– The Growth of Online Reviews
– Why Reviews Matter
– Online Reviews Receive Preference
– Bad Reviews

Most businesses acquire a reputation over the course of time.  Whether that reputation is generated from a brand or from customers, maintaining a good reputation is the foundation of success for all businesses, large and small.

In any business there will always be incidences when a customer feels that they didn’t receive the best service or product and they share this experience online in the form of a business review.  These reviews, whether true or false, can quickly tarnish a business reputation. Statistics show that a bad customer experience can result in a 22% drop in business.

Until recently, business communications have primarily been performed on a one-way street. Businesses spend millions of dollars refining their marketing strategies through brochures, or media advertisements. Despite these marketing campaigns, probably the most credible source of information available to potential customers about a business is through word-of mouth.  Business customers have always shared their good and bad experiences with their friends and acquaintances. However, with the advent of the Internet, those same word-of-mouth experiences are no longer just between two or more individuals; they are now available to anyone with Internet access and can reach a potential of readers that number in the hundreds of thousands.

 

The Growth of Online Reviews

The availability of online customer reviews over the last five years has expanded exponentially. According to a recent survey by Rhode Island based Marketing Sherpa, 34-50% of U.S. Internet users over the age of 18 have written an online review about a business or product.  Another survey by Ohio marketing agency BigResearch, found that over 92% of adults in the U.S. research products and services online before purchasing items in stores.

In light of these statistics it’s no surprise that reviews have created a cultural shift in how potential customers formulate buying decisions.

 

Why Reviews Matter

  • 92% of your potential customers research your business first online. – BIGresearch
  • 81% used reviews to choose between 2-3 alternatives. – Avenue A, eMarketer
  • 84% were influenced by reviews in their purchase decision. – Opinion Research Corp.
  • Reviews are the #1 factor when they consider your company. – comScore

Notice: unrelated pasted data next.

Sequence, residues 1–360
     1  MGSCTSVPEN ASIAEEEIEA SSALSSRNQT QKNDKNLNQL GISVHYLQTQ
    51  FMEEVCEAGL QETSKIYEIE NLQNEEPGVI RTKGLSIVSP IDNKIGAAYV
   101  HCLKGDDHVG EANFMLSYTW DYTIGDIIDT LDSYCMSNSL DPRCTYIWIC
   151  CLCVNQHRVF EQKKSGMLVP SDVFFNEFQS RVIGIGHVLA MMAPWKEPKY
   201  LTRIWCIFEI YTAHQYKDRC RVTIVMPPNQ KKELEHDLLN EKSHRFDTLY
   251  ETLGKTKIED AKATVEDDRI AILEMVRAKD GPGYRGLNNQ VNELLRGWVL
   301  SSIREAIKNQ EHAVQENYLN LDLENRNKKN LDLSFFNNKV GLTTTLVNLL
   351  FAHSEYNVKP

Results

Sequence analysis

• 20-87% more visitors who discover your company will become new customers. – Marketing Sherpa, Deloitte & Touche, e-Consultancy, BizReport, Bazaarvoice, Hanapin Marketing, WebVideo Vision, ClickZ
  • Customer loyalty increases 18% – Foresee Results
  • Customer satisfaction increases 21% – comScore

 

Online Reviews Receive Preference

Generally, when people type a business or product name in the search engines, they are likely to see any reviews about that company or product on the first page. This happens because reviews play an important role for consumers that helps boost them up in the search rankings.  Furthermore, because Internet users tend to click on a business or product review, their popularity escalates rankings.  Clearly, a negative business review for your business could have substantial effect on both your business reputation and the number of your sales.

 

Bad Reviews

It’s common to believe that a single negative business review could never be that serious because you have many other loyal customers that like your business services, right? To better understand the seriousness of just one bad business review; please consider the following true story.

In 2005, Richard, the owner of “ABC Business, LLC (real name omitted) based in the Midwest US, woke up to find that when someone typed his business’s name into Google’s search engine, the fourth result listed by Google was a web page that read ‘Beware of ABC Business, LLC’. The author was anonymous but claimed to be one of his customers. The review described a very bad customer experience in great detail.

Richard was unable to verify who posted the negative review, leaving him to wonder if it was an actual customer, a competitor, or maybe even a disgruntled employee. Richard has since spent years soliciting positive reviews from customers in an effort to generate enough good information about his company to diminish the impact of this single anonymous, possibly false review.

Richard estimates that his lost revenue from the negative review, including the cost of rebuilding his company’s reputation has totaled more than $1 million since the negative review tarnished his business reputation six years ago.